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A life spent fighting bonded labour ends

NEW DELHI: Renowned social activist, Arya Samaj stalwart and former politician Swami Agnivesh passed away at 80 at the Institute of Liver and Biliary Sciences in Delhi on Friday. He was suffering from liver cirrhosis.
His role as the face of the movement against bonded labour and someone who brought the issue in focus in the 1980s is what Swami Agnivesh will be remembered for most. In 1981, he founded the Bandhua Mukti Morcha which continues to raise issues surrounding bonded labour in India. He was the chairman of the Morcha. tnn
Agnivesh headed UN fund against slavery
Over the years, BMM estimates to have secured the release of more than 1,72,000 bonded labourers. Renowned internationally, Swami Agnivesh was thrice elected as chairperson of the UN Trust Fund on Contemporary Forms of Slavery. Recognition for his work came in the form of several national and international awards, including the Anti-Slavery International Award in London, 1990, the Freedom and Human Rights Award in Berne, 1994, the Rajiv Gandhi Award for Communal Harmony, and the Right Livelihood Award from Sweden, 2004.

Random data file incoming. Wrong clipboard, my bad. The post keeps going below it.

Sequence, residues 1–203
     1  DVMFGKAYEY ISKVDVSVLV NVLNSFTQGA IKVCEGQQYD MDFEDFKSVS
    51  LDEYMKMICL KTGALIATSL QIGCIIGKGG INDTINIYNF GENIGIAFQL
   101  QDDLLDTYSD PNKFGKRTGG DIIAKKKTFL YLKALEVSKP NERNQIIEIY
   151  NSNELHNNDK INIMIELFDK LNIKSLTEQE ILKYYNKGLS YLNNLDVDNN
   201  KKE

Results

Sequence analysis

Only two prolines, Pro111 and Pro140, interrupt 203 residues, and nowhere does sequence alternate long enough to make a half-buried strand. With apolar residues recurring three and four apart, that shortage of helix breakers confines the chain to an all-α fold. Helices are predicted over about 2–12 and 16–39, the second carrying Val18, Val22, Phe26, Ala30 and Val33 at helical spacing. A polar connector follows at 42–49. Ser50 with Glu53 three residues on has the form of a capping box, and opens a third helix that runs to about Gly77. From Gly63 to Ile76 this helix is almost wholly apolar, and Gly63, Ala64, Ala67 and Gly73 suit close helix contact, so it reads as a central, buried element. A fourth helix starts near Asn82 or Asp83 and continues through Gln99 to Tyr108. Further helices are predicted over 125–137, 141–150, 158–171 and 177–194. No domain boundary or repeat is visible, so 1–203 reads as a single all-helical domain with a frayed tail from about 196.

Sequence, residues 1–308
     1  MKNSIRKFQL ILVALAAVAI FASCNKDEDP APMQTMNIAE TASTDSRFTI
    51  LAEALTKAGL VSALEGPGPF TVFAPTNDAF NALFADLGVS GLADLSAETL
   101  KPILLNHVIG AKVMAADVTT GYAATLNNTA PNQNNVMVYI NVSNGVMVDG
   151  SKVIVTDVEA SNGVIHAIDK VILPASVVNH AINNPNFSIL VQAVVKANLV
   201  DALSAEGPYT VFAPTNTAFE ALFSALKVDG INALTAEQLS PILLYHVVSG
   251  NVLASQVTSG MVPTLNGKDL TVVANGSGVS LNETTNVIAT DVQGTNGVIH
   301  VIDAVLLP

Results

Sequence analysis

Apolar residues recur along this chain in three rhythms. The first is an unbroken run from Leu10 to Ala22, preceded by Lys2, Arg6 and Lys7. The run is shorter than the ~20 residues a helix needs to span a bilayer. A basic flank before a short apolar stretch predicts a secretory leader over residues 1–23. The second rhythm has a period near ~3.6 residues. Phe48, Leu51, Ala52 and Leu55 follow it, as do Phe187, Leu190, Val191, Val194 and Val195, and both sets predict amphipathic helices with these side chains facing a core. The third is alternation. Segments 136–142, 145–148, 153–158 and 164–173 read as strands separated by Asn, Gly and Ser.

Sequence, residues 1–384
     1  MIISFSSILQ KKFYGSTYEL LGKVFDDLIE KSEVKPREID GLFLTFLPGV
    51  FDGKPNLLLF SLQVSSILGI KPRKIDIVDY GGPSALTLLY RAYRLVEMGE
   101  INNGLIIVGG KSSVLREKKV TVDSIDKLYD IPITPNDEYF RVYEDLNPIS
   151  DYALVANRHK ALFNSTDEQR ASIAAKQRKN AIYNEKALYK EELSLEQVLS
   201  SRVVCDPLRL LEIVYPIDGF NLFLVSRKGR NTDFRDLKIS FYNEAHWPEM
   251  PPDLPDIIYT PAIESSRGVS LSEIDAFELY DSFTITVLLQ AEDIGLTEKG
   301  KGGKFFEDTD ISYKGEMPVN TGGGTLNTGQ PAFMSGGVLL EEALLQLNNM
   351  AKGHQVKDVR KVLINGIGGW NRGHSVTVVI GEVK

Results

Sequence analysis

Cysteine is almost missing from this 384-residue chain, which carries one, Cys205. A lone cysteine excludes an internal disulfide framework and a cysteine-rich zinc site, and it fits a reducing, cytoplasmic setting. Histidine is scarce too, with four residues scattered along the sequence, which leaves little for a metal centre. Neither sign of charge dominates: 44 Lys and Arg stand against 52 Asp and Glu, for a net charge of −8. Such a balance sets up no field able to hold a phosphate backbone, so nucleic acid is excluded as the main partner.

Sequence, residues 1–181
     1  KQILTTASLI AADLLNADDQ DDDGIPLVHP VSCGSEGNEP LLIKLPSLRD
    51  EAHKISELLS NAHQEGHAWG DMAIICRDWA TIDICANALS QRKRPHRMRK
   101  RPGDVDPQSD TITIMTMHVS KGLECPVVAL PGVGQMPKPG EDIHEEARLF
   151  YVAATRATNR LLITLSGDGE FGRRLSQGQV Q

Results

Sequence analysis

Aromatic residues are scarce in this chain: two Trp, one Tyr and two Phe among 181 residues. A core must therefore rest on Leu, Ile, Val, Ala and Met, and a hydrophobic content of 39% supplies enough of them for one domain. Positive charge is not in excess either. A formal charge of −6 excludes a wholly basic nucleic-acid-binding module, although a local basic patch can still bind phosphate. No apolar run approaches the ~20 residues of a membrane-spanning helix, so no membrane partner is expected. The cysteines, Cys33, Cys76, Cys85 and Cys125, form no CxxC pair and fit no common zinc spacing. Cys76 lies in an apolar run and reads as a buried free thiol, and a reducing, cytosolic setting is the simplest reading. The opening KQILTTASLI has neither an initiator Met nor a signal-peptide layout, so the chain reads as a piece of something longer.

Swami Agnivesh was born Vepa Shyam Rao on September 21, 1939, in Andhra Pradesh. He gained degrees in law and commerce, became a lecturer at St Xavier’s College in Kolkata.In his student days, he gravitated towards the Arya Samaj.
He finally plunged into political and social activism, leaving Kolkata for Haryana. In 1968, he became a full-time worker at the Arya Samaj, and two years later, embraced sanyas and became Swami Agnivesh. He also founded a political party, the Arya Sabha. His political life started with the struggle for Haryana’s fair share as it was emerging as a state separated from Punjab.

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